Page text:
Some moving material about love and loss, swamped by authorial excess.

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THE THIRD ANGEL

A ghost in a down-at-the-heels London hotel ties together three tragic romances in Hoffman’s latest (Skylight Confessions, 2007, etc.).

Though all three episodes are strongly conceived with complex characters, the connecting material includes carelessly repetitive plot devices (warring sisters, cancer-stricken mothers), highly improbable links among the major figures and a seriously overused blue heron. The “third angel” metaphor is also heavy-handed, but at least has a tangible connection to the plot. In addition to the Angel of Life and the Angel of Death, Dr. Lewis tells his daughter Frieda, there’s a Third Angel, “who walked among us, who sometimes lay sick in bed, begging for human compassion.” Frieda passes along this insight to Allie, who marries Frieda’s dying son Paul during the summer of 1999 in the novel’s first section. Though Allie’s furiously jealous younger sister Maddy does everything she can to destroy the wedding—including sleeping with Paul, who’s trying to convince his fiancée that he doesn’t deserve her—nothing can kill the love that blossoms in Allie as Paul’s illness grows mortal. Section two moves back to 1966, when 19-year-old Frieda has fled her father’s plans for her to become a doctor and gone to work as a maid at the Lion Park Hotel. Frieda falls in love with Jamie, the junkie rock star in Room 708, and writes him two songs: “The Third Angel” and “The Ghost of Michael Macklin.” The latter is about the specter introduced in the book’s opening pages, when Maddy hears shouting in Room 707 and learns that something terrible happened there in 1952. In fact, it was Maddy and Allie’s mother, then 12 years old, who witnessed the incident that created the ghost, an outgrowth of yet another doomed wedding. The particulars are recounted in the closing section, which features another cluster of full-bodied characters. By now, however, the piling up of disasters and coincidences has become ridiculous.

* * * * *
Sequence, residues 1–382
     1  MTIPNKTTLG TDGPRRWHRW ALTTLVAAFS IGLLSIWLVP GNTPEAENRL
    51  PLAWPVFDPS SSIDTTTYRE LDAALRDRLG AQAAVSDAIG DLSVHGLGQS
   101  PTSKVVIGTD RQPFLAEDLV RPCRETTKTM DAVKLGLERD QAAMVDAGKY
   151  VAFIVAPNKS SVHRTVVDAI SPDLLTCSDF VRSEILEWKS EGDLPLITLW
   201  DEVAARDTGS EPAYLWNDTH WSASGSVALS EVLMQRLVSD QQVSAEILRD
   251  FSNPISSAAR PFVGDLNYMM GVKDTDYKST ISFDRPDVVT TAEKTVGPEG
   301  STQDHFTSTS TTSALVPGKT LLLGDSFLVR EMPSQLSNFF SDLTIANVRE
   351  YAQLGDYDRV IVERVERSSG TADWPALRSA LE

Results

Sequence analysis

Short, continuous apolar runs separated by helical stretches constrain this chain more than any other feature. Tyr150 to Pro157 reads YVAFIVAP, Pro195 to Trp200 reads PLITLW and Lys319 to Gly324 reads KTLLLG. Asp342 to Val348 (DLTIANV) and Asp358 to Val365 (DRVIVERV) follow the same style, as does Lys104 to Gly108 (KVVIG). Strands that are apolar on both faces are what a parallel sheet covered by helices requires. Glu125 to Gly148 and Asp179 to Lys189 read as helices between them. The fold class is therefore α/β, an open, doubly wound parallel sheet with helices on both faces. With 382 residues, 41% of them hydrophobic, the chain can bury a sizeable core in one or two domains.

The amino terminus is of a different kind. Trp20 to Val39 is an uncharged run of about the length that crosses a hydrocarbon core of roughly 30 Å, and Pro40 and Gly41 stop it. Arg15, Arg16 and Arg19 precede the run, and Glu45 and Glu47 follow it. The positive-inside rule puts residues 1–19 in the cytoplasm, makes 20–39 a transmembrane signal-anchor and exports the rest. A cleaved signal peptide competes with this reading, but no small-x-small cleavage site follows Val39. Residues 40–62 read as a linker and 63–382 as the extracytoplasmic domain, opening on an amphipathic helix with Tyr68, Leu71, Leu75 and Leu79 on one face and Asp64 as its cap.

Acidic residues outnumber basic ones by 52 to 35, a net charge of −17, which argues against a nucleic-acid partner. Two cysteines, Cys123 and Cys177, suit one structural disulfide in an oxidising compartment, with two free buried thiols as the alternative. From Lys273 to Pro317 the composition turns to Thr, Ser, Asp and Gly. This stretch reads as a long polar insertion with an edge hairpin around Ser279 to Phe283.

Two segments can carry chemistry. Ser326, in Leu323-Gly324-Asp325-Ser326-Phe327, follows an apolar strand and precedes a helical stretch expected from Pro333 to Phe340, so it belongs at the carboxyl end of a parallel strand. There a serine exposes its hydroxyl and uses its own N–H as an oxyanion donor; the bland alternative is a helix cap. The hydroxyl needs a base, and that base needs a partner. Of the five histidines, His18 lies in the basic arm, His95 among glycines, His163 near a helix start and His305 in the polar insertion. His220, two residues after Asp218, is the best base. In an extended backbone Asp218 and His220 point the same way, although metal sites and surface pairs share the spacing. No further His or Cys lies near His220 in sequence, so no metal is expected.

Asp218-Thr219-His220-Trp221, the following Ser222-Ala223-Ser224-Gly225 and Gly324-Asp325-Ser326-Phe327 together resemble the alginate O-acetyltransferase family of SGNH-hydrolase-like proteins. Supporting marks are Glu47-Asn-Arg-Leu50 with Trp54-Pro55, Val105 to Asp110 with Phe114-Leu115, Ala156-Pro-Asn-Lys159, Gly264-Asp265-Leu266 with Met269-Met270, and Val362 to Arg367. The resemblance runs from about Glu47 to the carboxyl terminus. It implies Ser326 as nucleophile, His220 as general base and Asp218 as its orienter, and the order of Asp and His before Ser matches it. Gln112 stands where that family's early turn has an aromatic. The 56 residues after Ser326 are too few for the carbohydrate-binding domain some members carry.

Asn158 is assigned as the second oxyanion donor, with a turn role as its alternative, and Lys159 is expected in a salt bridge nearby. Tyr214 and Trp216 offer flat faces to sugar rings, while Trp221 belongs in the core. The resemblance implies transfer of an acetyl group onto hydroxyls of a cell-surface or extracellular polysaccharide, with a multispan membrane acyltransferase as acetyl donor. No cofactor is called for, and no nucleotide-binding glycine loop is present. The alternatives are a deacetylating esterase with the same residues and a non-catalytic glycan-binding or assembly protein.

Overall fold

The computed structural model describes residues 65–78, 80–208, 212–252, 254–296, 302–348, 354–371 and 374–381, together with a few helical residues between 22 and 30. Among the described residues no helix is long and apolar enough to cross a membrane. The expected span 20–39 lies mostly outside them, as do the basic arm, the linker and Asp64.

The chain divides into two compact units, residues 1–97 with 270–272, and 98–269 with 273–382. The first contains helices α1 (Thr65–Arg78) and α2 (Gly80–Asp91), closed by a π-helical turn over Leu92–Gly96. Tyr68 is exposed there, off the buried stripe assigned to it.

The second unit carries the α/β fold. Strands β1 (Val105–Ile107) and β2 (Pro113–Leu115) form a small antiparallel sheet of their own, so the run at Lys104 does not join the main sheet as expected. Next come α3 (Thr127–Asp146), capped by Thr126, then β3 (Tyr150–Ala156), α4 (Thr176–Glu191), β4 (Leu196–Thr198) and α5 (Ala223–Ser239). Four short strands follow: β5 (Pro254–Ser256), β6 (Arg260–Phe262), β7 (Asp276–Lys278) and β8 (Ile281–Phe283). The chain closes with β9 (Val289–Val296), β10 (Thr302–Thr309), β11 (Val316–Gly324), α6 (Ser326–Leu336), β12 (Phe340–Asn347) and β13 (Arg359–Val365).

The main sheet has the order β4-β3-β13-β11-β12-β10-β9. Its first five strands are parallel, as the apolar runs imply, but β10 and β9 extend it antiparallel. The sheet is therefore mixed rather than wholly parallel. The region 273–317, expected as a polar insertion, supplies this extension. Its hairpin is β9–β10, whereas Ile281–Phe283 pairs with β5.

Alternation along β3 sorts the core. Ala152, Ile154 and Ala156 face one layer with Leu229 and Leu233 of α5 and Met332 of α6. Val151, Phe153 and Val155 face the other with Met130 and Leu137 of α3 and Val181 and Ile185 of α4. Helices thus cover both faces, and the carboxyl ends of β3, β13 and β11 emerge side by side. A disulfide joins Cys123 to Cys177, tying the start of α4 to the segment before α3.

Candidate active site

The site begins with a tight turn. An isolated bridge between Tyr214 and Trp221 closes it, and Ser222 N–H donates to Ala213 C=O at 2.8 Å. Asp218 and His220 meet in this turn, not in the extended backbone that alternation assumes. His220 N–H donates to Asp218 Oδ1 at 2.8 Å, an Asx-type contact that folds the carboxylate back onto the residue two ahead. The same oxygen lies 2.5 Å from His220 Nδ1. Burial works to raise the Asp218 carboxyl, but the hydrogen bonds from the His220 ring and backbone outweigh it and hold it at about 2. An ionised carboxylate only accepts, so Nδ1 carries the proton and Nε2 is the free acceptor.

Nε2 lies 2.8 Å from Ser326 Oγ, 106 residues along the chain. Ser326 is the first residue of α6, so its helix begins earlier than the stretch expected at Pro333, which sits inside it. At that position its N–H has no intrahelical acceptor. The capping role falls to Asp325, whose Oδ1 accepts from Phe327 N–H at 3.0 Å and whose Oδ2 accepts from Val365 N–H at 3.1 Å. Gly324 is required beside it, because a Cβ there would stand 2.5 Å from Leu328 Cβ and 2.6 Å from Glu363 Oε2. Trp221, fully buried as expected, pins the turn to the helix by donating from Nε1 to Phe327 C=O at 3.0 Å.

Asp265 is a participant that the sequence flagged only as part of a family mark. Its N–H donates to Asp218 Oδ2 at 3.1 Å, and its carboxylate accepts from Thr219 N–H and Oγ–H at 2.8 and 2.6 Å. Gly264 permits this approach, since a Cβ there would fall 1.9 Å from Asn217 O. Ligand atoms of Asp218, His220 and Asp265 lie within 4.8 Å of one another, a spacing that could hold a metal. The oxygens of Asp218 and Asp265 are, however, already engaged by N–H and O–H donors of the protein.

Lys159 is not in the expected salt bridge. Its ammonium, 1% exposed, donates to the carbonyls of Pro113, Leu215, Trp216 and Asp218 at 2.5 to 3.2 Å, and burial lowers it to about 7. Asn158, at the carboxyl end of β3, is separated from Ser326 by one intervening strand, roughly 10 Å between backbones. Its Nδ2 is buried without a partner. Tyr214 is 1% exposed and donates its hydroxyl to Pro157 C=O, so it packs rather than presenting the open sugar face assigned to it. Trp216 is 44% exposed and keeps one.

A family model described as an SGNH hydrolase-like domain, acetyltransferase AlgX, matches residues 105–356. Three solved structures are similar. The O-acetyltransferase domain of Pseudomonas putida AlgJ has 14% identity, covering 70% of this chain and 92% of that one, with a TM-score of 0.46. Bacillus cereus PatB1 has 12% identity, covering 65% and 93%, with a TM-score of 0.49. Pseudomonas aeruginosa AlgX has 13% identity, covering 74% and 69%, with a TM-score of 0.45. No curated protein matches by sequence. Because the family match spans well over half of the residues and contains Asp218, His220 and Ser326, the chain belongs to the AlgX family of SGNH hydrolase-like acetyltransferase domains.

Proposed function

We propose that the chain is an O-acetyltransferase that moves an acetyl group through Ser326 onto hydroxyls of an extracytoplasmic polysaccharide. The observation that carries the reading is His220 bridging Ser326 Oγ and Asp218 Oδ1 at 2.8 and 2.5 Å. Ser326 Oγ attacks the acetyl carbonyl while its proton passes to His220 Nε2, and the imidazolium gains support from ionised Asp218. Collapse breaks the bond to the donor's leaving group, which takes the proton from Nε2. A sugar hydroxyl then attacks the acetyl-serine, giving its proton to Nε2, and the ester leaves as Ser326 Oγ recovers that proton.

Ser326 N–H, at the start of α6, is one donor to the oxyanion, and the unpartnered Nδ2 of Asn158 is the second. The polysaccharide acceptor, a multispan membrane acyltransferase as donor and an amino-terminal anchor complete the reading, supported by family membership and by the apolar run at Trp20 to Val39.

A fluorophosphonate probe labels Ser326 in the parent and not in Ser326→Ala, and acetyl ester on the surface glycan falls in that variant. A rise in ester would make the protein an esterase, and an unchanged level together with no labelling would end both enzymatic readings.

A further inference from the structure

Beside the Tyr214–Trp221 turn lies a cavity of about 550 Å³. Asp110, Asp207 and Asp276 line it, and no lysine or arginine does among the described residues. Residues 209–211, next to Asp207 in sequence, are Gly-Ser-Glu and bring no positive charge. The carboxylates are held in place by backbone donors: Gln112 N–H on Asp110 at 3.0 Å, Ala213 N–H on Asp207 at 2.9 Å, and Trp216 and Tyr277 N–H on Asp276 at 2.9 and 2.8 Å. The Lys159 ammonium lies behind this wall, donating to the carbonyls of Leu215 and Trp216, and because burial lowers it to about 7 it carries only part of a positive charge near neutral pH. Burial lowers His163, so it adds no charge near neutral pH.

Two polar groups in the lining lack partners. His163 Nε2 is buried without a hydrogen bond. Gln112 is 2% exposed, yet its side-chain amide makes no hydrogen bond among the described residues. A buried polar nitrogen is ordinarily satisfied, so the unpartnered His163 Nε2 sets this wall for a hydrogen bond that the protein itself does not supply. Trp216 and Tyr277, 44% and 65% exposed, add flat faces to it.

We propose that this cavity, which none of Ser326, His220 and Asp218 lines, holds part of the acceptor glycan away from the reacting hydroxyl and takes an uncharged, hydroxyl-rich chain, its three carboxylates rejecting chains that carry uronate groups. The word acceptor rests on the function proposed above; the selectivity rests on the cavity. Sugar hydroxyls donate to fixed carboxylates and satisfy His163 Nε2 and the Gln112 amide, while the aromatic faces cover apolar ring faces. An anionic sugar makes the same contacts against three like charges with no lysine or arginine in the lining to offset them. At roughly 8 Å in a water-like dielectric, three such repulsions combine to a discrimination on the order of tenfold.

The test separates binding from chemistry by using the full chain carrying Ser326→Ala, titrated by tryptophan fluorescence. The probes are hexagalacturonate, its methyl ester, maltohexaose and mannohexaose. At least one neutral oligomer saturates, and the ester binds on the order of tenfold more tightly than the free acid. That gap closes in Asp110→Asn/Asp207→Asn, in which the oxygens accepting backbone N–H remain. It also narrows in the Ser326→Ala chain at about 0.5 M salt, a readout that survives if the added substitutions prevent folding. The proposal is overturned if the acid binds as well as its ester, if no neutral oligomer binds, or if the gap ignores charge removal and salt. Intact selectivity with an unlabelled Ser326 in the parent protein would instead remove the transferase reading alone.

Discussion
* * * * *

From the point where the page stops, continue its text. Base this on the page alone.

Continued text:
Some moving material about love and loss, swamped by authorial excess.

Pub Date: April 1, 2008

ISBN: 978-0-307-39385-2

Page Count: 288

Publisher: Shaye Areheart/Harmony

Review Posted Online: May 20, 2010

Kirkus Reviews Issue: Jan. 15, 2008

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A strange, subtle, and haunting novel.

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THE GLASS HOTEL

A financier's Ponzi scheme unravels to disastrous effect, revealing the unexpected connections among a cast of disparate characters.